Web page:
Before turning to plaintiff's claims, the undersigned notes the following background facts:

         Plaintiff came to the United States in 2004, after working for nine years as a bookkeeper and cashier for a construction company in the Ukraine. AT 97-98, 244. In 2008, a California State administrative law judge found plaintiff disabled as of September 2007, based on chronic headaches and ongoing depression, and eligible for the Cash Assistance Program for Immigrants (CAPI). AT 343-353.

         At plaintiff's June 2017 hearing on her disability application, she testified that she suffered a stroke “eight years ago, ” or 2009. AT 98. In December 2010, treating physician Dr. Susan Andrews filled out a medical certification form for plaintiff's naturalization application, stating that plaintiff had “posttraumatic stress disorder and traumatic brain injury after a stroke in 2006.”[2] AT 576-577. Based on this certification, plaintiff obtained an exception to the English and civics testing requirements for naturalization “because of physical or developmental disability or mental impairment.” AT 575-579. Plaintiff became a naturalized citizen in 2011. AT 244.

         Beginning that year, plaintiff worked as an in-home caregiver and took care of her father until his death in April 2014. AT 98, 270-271.

         A. Credibility

         Plaintiff asserts that the ALJ improperly discounted her subjective symptom allegations. Specifically, the ALJ discounted plaintiff's allegations of “functionally limiting headaches” and “impaired psychological functioning.” AT 22.

         The ALJ determines whether a disability applicant is credible, and the court defers to the ALJ's discretion if the ALJ used the proper process and provided proper reasons. See, e.g., Saelee v. Chater, 94 F.3d 520, 522 (9th Cir. 1995). If credibility is critical, the ALJ must make an explicit credibility finding. Albalos v. Sullivan, 907 F.2d 871, 873-74 (9th Cir. 1990); Rashad v. Sullivan, 903 F.2d 1229, 1231 (9th Cir. 1990) (requiring explicit credibility finding to be supported by “a specific, cogent reason for the disbelief”).

         In evaluating whether subjective complaints are credible, the ALJ should first consider objective medical evidence and then consider other factors. Bunnell v. Sullivan, 947 F.2d 341, 344 (9th Cir. 1991) (en banc). If there is objective medical evidence of an impairment, the ALJ then may consider the nature of the symptoms alleged, including aggravating factors, medication, treatment and functional restrictions. See id. at 345-47. The ALJ also may consider: (1) the applicant's reputation for truthfulness, prior inconsistent statements or other inconsistent testimony, (2) unexplained or inadequately explained failure to seek treatment or to follow a prescribed course of treatment, and (3) the applicant's daily activities. Smolen v. Chater, 80 F.3d 1273, 1284 (9th Cir. 1996); see generally SSR 96-7P, 61 FR 34483-01; SSR 95-5P, 60 FR 55406-01; SSR 88-13. Work records, physician and third party testimony about nature, severity and effect of symptoms, and inconsistencies between testimony and conduct also may be relevant. Light v. Social Security Administration, 119 F.3d 789, 792 (9th Cir. 1997). A failure to seek treatment for an allegedly debilitating medical problem may be a valid consideration by the ALJ in determining whether the alleged associated pain is not a significant nonexertional impairment. See Flaten v. Secretary of HHS, 44 F.3d 1453, 1464 (9th Cir. 1995). The ALJ may rely, in part, on his or her own observations, see Quang Van Han v. Bowen, 882 F.2d 1453, 1458 (9th Cir. 1989), which cannot substitute for medical diagnosis. Marcia v. Sullivan, 900 F.2d 172, 177 n.6 (9th Cir. 1990). “Without affirmative evidence showing that the claimant is malingering, the Commissioner's reasons for rejecting the claimant's testimony must be clear and convincing.” Morgan v. Commissioner of Social Sec. Admin., 169 F.3d 595, 599 (9th Cir. 1999).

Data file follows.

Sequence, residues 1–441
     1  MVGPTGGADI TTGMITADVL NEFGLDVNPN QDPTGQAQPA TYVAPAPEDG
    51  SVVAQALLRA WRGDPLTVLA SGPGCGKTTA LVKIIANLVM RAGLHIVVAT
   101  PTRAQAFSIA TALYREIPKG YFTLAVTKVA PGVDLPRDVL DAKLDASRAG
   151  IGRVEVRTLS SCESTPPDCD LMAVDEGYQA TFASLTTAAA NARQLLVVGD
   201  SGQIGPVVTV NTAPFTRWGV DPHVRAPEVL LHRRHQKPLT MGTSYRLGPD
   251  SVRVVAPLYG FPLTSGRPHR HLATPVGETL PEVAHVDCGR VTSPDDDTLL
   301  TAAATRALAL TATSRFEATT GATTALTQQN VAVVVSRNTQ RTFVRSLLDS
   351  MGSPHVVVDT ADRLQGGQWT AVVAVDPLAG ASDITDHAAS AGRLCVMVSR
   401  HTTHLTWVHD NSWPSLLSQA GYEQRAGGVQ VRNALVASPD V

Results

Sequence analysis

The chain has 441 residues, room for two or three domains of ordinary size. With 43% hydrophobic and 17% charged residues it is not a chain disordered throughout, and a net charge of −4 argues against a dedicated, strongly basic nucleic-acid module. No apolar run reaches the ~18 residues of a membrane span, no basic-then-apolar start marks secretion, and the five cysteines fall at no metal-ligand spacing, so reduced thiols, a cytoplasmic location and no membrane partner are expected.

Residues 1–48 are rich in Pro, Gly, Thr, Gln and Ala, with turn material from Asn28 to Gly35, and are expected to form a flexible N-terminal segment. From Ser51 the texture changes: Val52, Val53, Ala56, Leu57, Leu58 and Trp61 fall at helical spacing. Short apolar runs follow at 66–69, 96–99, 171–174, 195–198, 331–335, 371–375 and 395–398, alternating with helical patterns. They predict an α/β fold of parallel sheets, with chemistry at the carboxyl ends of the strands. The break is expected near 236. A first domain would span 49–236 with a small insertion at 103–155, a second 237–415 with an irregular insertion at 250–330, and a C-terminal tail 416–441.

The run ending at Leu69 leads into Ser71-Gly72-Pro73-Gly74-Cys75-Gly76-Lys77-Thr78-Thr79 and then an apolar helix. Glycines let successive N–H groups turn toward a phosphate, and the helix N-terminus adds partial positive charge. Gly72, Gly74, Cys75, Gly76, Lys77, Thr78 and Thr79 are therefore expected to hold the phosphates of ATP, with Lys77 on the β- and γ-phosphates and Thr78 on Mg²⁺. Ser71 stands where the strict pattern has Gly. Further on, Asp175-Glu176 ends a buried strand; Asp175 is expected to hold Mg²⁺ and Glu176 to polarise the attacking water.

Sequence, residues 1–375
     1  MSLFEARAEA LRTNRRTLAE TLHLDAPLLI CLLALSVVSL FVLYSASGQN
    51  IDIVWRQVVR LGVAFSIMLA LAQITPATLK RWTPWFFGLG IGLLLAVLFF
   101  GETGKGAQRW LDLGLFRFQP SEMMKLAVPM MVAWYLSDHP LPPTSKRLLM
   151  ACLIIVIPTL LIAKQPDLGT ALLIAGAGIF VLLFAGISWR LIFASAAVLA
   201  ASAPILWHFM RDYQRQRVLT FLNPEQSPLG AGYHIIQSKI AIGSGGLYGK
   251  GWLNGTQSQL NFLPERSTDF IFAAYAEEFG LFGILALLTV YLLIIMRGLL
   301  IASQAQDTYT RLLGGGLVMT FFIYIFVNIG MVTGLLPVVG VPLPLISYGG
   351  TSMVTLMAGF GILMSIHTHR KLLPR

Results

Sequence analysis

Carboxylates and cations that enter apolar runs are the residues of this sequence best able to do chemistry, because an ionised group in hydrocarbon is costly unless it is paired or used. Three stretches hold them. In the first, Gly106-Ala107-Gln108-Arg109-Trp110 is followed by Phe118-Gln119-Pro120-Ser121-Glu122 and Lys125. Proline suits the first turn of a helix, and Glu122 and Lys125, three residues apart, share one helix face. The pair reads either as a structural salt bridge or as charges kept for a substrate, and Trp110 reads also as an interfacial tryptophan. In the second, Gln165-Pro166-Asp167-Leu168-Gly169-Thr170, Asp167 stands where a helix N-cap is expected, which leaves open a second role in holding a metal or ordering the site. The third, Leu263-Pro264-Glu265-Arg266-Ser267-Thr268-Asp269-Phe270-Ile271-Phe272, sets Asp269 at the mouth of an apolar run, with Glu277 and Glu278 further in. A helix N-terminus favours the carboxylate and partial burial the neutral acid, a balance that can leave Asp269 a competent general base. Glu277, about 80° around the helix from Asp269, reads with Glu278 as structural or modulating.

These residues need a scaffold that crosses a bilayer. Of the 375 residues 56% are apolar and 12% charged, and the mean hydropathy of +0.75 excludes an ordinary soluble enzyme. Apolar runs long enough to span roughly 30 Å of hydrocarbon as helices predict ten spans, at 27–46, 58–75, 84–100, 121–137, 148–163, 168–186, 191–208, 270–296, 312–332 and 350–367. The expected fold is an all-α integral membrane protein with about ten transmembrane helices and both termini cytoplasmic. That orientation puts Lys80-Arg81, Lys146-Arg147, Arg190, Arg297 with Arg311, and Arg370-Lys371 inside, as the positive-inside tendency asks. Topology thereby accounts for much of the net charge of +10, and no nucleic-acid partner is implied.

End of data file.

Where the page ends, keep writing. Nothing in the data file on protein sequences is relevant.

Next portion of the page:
At the June 2017 hearing, plaintiff testified that she got two or three hours of sleep a night and suffered daily headaches. AT 99. She testified that medication helped with the severity of her headaches, which were brought on by noise and worry and were “there all the time.” AT 99-100. Plaintiff testified that she had to lie down multiple times a day, every day, due to her headaches. AT 100-101. Plaintiff further testified that medication helped with her depression, but that she still got upset “frequently” and had weekly panic attacks that lasted up to six hours. AT 103. Plaintiff also testified that she had problems with memory and concentration, such as forgetting where she put things in the house. AT 105-106; see AT 22 (ALJ's summary of plaintiff's subjective symptoms, ...